“There’s a saying I tell my students: ‘You can kill me, but you can’t defeat me.” When Arik Ze’evi lost, the opponent ‘killed’ him, but the moment he dropped and started to cry, then he was defeated because he broke mentally. When a woman is raped, she is ‘killed’ – but she shouldn’t let them win. When you can inculcate this mentality in athletes, it doesn’t matter if they lose, because they won’t see themselves as losers. So kids need to be taught how to lose. The other guy was better, faster? Fine, I’ll come next year, next game, and I’ll train harder. I have only one hand, and my opponent has two? Find, that’s the situation, but it’s not an excuse.”
Q: How has the coronavirus pandemic affected martial arts?
“I’ve spoken to a few very famous teachers who shut down their schools and won’t open again. Martial arts is one of the fields that has been hardest hit by corona, which I think is causing needless panic. They’ve made it into Ebola, but it’s the flu. It’s sad to me to see it wiping out our field, especially since martial arts aren’t a sport and don’t get government funding. Trainers don’t receive salaries, and they’ll go broke.”
Over the years, Nardia has founded martial arts academies in Africa as part of what he calls a “social mitzvah.”
“I support schools in slums in Mombasa and in Kibera, and send them money so children there will walk a good path, rather than fall into crime. In Africa there are already 10 kids named Avi Nardia. Sadly, one of them died three months ago. It’s an honor that people are naming their kids after me, and it’s because I also teach morals and values. I won’t take on people who will go on to use what I teach them to do bad things.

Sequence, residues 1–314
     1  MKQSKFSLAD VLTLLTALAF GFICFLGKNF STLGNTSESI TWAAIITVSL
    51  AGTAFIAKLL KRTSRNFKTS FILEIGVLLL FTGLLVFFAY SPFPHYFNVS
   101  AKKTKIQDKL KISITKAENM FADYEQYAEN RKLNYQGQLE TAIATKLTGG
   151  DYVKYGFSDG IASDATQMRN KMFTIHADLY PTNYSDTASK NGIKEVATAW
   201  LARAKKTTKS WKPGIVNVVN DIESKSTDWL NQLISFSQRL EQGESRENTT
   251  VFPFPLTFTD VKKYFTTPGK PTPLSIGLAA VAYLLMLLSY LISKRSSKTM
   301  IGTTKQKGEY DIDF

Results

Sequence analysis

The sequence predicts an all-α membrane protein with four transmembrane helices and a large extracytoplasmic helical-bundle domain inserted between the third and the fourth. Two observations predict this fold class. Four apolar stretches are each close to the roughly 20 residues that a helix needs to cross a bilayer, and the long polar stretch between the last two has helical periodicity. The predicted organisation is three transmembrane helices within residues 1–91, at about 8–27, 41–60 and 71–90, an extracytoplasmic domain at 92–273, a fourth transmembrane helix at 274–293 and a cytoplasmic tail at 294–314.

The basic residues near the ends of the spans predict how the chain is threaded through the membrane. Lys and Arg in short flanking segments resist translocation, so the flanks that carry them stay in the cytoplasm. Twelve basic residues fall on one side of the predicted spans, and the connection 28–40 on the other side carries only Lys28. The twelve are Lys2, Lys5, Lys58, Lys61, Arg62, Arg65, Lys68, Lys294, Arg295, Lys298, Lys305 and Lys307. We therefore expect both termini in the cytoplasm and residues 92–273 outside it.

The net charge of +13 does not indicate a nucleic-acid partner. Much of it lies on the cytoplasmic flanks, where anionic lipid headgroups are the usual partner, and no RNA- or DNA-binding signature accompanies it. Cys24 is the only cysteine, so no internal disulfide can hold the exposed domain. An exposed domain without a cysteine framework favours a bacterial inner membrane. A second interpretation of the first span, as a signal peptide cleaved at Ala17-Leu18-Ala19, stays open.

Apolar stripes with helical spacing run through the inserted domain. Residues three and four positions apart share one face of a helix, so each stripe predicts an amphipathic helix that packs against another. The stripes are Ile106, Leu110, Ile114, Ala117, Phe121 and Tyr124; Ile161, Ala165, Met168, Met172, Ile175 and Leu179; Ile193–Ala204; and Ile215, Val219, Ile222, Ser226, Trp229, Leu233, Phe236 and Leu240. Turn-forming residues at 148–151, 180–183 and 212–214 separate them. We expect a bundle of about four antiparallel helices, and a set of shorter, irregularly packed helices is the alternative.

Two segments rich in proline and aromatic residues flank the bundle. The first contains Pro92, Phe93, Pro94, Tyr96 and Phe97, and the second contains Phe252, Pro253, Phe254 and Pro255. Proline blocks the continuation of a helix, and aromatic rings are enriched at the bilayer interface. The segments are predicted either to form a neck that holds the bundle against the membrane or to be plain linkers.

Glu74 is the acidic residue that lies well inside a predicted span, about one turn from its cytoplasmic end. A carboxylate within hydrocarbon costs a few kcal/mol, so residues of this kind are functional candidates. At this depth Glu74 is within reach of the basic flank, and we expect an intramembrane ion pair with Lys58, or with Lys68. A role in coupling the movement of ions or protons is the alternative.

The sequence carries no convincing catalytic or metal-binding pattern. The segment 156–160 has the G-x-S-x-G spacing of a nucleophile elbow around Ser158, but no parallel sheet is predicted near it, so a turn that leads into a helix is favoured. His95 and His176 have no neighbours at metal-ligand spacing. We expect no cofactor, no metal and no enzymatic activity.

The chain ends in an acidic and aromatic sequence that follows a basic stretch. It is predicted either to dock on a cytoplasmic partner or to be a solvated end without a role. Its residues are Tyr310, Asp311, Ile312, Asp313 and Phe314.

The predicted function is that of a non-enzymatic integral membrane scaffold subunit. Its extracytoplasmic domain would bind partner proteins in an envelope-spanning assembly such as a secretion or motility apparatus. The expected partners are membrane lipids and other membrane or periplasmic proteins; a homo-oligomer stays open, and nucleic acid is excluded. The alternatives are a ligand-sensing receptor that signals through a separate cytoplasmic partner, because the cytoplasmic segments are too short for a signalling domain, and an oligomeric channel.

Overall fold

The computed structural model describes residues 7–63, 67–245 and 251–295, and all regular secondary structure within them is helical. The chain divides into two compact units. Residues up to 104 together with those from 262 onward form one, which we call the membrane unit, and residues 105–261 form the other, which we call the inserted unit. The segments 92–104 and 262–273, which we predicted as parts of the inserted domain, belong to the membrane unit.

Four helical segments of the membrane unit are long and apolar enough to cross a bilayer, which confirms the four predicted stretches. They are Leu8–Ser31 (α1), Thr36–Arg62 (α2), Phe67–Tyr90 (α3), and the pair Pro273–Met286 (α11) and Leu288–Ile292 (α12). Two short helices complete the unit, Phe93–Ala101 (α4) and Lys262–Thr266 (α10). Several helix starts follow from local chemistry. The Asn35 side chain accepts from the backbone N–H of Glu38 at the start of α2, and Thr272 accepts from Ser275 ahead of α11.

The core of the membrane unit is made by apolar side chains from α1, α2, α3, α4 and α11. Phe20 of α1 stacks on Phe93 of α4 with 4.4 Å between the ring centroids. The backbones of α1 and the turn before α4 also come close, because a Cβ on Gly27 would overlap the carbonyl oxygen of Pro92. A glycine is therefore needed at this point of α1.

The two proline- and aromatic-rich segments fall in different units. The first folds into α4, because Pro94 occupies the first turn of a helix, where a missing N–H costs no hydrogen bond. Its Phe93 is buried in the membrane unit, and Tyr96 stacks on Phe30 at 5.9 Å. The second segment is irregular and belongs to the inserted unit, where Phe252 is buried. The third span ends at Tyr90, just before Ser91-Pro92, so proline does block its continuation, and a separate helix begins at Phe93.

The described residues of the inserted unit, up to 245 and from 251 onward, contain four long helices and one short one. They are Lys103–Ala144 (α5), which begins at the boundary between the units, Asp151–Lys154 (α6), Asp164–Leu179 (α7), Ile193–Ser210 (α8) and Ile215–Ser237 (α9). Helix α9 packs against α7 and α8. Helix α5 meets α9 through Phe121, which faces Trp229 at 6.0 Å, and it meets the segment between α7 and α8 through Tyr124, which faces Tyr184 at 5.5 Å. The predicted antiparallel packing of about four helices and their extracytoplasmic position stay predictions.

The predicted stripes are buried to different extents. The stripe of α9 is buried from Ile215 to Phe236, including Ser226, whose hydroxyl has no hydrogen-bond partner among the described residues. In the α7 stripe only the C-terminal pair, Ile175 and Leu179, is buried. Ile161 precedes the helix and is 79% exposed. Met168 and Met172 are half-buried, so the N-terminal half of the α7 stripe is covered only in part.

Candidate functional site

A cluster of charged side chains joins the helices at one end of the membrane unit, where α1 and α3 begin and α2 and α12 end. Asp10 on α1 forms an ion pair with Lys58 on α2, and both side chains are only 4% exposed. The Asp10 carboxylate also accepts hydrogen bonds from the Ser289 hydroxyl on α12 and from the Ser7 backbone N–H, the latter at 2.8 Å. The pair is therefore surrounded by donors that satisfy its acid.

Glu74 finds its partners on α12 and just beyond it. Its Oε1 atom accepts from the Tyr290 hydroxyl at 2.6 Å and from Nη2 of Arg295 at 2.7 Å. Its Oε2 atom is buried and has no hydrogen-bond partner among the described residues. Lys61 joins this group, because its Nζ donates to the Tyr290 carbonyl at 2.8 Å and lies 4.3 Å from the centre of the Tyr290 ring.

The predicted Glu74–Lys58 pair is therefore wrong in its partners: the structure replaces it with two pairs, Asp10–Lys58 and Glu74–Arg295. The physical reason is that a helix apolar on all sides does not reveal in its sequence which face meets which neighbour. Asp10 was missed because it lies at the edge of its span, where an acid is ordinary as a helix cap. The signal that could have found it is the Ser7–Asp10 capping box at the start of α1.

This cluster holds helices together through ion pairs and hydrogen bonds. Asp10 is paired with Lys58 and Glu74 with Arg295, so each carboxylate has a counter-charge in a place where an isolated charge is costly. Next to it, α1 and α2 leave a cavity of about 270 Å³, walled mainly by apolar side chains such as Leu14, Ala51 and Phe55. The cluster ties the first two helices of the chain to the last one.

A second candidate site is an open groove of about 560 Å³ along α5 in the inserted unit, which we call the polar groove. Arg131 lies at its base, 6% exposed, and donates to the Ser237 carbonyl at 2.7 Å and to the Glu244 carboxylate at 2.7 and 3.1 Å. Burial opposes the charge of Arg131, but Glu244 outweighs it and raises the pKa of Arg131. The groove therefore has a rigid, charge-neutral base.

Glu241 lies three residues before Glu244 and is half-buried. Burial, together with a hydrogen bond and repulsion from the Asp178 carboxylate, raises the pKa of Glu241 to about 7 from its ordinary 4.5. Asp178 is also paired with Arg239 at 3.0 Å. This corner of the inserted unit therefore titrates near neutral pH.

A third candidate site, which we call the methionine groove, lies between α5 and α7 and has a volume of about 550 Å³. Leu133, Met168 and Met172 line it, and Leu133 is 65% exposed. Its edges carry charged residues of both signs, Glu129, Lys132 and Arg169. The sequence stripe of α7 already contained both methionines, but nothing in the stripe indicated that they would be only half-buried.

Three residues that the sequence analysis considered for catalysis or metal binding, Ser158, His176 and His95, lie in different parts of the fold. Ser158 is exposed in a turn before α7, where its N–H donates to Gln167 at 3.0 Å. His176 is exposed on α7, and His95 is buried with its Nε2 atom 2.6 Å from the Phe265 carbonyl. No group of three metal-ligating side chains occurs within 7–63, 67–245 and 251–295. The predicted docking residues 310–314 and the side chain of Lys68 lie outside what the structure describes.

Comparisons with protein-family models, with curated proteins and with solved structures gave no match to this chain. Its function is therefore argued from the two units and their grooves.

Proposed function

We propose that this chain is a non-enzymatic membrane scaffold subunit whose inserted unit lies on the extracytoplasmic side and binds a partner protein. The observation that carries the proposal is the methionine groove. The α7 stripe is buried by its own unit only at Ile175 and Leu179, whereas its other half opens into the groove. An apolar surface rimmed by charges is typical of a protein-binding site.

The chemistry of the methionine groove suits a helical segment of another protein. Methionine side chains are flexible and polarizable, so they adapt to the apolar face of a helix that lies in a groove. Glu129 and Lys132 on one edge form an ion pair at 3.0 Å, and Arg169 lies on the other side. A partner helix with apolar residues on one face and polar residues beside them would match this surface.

“In one of the women’s seminars, where I teach how to escape all sorts of situations like attempted assault or rape, there was a student who asked me, while I was working with one of the women, ‘How can I grab her so she can’t get away?” I picked him up and smacked him in front of everyone and told him, ‘Get out, you’re a rapist.’ I could actually feel that he was a rapist who had come to learn what to do. I’m not ashamed to kick students out. When I see that something is wrong, I stop. When people ask me what they need to learn KAPAP I say, integrity. Do the right thing even when no one is watching, and that’s something lacking in a lot of martial arts.”
“I own a knife from [former Libyan dictator Muammar] Gaddafi’s collection that one of my students gave me after [Gaddafi] was executed. This was a kid who was there during the revolution, who walks around Libya wearing a shirt that has KAPAP written on it. My students have been training in Indonesia and Libya wearing KAPAP shirts for close to 15 years. My biggest achievement is that I teach in the city of Dachau. I taught there at a school in the industrial zone and from the window we could see the guard towers of the concentration camp. It was surreal that I, wearing a black shirt with a huge Star of David with KAPAP written on it, and everyone knowing I’m Jewish and Israeli, was teaching an Israeli martial art there.”